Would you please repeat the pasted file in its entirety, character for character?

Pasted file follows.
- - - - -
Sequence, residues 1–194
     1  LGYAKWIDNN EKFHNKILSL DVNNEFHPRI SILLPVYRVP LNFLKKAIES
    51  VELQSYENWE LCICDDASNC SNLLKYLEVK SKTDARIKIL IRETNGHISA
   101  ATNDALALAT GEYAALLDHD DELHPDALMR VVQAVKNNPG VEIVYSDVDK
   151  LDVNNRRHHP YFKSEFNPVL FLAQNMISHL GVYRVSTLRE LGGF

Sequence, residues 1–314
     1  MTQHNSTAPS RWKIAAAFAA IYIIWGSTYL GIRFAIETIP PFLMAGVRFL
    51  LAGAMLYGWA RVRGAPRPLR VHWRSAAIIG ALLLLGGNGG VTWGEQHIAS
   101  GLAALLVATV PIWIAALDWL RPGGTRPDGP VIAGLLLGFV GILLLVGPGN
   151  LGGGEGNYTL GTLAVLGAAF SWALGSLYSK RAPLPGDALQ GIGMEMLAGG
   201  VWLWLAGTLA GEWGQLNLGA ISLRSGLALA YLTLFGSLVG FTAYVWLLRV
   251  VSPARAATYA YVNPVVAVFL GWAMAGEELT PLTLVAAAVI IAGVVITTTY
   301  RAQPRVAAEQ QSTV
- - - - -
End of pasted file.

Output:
Sequence, residues 1–194
     1  LGYAKWIDNN EKFHNKILSL DVNNEFHPRI SILLPVYRVP LNFLKKAIES
    51  VELQSYENWE LCICDDASNC SNLLKYLEVK SKTDARIKIL IRETNGHISA
   101  ATNDALALAT GEYAALLDHD DELHPDALMR VVQAVKNNPG VEIVYSDVDK
   151  LDVNNRRHHP YFKSEFNPVL FLAQNMISHL GVYRVSTLRE LGGF

Sequence, residues 1–314
     1  MTQHNSTAPS RWKIAAAFAA IYIIWGSTYL GIRFAIETIP PFLMAGVRFL
    51  LAGAMLYGWA RVRGAPRPLR VHWRSAAIIG ALLLLGGNGG VTWGEQHIAS
   101  GLAALLVATV PIWIAALDWL RPGGTRPDGP VIAGLLLGFV GILLLVGPGN
   151  LGGGEGNYTL GTLAVLGAAF SWALGSLYSK RAPLPGDALQ GIGMEMLAGG
   201  VWLWLAGTLA GEWGQLNLGA ISLRSGLALA YLTLFGSLVG FTAYVWLLRV
   251  VSPARAATYA YVNPVVAVFL GWAMAGEELT PLTLVAAAVI IAGVVITTTY
   301  RAQPRVAAEQ QSTV